Social media giant Facebook, Inc. (NASDAQ:FB) has been an investor favorite for years due to its exponential growth and dominance within the industry. However, in recent weeks, investors have been spooked by the company’s changing strategy and worries about user numbers.
While its true that some big changes are on the horizon, big opportunities await as well, which make FB stock a buy for long-term investors.
User Number Decline?
A new study by eMarketer showed that Facebook is struggling to hold on to American users under the age of 25. The firm’s research concluded that the number of FB users between 12 and 17 years old declined by 9.9% last year — a far cry from the 3.4% that the firm had initially predicted. This year, eMarketer sees the company losing some 2.1 million users under 25.
On the surface, that looks very worrying. No one wants to be losing clout with the upcoming generation, especially not a social media company like Facebook. However, it’s important to note that these numbers don’t include Instagram, which is also owned by Facebook.
In fact, eMarketer predicted that Instagram’s U.S. user base will see a 13% rise this year, higher than rival Snapchat from Snap Inc (NYSE:SNAP), which is seen growing its U.S. user base by 9% this year. So, although it’s not great that FB’s flagship platform is losing touch with the younger generation, it’s losing users to itself which isn’t so bad.
Big Changes Ahead for FB
Another factor that has been weighing on FB stock is the company’s decision to pivot its strategy to focus on security and engagement over profits. In the tech space, it’s a reality that security spending will rise as new scams emerge.
That’s especially true for a social media company like Facebook, which has had to deal with complaints about fake news reports and extremist propaganda. CEO Mark Zuckerberg cautioned that security spending would take precedence over profits, and most agreed that was a wise move in order to keep the company at the top of the industry.
However, during the firm’s most recent earnings call, Zuckerberg dropped another bomb — engagement would also come before profits. Unfortunately, investors didn’t take quite so kindly to that sentiment.
Facebook has been reworking its platform to make sure that users are seeing more valuable content. That means fewer ads from businesses and viral videos and more posts from actual friends that they care about.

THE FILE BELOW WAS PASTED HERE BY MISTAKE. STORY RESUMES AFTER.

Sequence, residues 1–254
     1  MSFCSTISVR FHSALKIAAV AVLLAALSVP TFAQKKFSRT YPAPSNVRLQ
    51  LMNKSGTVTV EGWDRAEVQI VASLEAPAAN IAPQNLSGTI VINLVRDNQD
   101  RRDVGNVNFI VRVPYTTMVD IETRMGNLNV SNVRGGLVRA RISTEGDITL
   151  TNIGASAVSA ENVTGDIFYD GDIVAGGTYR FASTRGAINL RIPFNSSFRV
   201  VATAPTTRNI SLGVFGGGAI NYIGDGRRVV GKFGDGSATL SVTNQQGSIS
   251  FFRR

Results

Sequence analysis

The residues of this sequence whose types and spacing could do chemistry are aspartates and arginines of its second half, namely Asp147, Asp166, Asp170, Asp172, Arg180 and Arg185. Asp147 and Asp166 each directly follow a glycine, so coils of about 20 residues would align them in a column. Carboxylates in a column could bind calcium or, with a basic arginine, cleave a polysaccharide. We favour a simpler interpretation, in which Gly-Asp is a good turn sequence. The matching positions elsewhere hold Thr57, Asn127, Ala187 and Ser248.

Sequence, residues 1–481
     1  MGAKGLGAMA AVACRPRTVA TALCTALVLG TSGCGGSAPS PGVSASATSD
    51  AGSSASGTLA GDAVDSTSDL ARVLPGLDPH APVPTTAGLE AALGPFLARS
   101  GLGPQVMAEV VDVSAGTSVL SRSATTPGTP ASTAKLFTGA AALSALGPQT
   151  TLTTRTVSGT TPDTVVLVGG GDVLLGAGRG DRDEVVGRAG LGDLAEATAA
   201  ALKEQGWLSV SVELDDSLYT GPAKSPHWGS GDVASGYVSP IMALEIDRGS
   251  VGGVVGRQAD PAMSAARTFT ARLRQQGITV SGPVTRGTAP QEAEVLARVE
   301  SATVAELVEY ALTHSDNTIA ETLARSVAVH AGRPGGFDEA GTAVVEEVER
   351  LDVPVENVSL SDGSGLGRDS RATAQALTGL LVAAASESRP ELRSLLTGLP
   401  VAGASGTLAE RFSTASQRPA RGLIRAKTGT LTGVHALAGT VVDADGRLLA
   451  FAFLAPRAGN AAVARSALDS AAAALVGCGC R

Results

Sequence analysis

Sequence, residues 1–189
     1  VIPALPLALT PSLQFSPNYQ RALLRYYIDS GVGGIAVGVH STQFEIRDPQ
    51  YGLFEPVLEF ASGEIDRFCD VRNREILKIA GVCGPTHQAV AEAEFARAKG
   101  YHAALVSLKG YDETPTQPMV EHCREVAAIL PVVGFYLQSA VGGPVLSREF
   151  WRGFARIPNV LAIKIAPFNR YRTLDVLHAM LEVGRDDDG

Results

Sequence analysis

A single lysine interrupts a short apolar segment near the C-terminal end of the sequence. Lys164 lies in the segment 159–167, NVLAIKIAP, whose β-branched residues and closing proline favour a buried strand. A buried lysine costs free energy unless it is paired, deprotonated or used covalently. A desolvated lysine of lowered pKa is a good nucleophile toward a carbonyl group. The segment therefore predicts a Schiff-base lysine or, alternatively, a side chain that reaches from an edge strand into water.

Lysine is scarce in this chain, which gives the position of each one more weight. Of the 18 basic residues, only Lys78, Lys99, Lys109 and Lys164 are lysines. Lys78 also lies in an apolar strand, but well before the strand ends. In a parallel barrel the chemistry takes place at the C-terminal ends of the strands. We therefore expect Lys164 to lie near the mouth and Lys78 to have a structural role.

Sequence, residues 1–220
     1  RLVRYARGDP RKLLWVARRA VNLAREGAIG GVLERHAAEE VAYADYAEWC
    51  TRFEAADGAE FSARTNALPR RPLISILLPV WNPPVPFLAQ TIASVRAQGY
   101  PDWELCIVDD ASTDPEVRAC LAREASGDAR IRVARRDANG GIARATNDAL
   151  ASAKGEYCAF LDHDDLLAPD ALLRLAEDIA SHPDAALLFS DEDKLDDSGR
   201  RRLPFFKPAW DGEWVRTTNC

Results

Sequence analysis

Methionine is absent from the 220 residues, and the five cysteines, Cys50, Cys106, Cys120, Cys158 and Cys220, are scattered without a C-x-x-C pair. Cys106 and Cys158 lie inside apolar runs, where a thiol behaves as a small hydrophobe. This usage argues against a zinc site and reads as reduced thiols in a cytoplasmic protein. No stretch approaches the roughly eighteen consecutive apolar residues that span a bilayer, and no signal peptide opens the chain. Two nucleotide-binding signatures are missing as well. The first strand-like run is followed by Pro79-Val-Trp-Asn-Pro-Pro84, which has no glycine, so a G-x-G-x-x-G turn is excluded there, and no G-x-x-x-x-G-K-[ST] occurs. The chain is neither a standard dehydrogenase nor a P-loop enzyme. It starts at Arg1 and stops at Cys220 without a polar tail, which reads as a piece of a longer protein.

The problem for investors is that taking away ad space will likely cut in to profits. While that is definitely a concern, engagement is the only way FB works, so it’s important that the company change with the times and keep its users happy.
While Facebook’s shifting strategy does add some uncertainty, it’s important to note that the company also has quite a few opportunities ahead as well.
Facebook’s Watch tab is still in the early stages, but the company is planning to build it out with user-created content through an ad revenue-sharing scheme. The benefit for Watch is the fact that Facebook already has so much data on its users and what they like to see that it will make it easy for the firm to create curated content geared toward individuals.
The firm is also planning to allow companies to select the kind of content their brand wants to be associated with in order to ensure that ad placement is relevant.
While it still has a long way to go before catching up to YouTube, Watch offers a ton of potential for Facebook once it gets rolling.
Facebook has the potential to monetize its grip on the messaging space in the coming year as well. FB currently owns the two most popular messaging services on the planet — WhatsApp and Facebook messenger. So far, the firm has done very little to monetize those assets, but once it does, we will likely see a huge boost to the Facebook’s profits.
The Bottom Line on FB Stock
FB stock could have a bumpy road ahead over the next few months as it works to pivot its business and address concerns. While it’s true that will add some uncertainty, I’d be more worried if the firm were to ignore it and continue with business as usual.
Facebook has 1.4 billion daily active users; with that kind of reach, it’s hard to imagine a scenario in which the company fails miserably. It’s smart to rework the site in order to keep users engaged, and the firm has plenty of other revenue opportunities to build out in order to keep shareholders of FB stock happy.
As of this writing, Laura Hoy was long FB.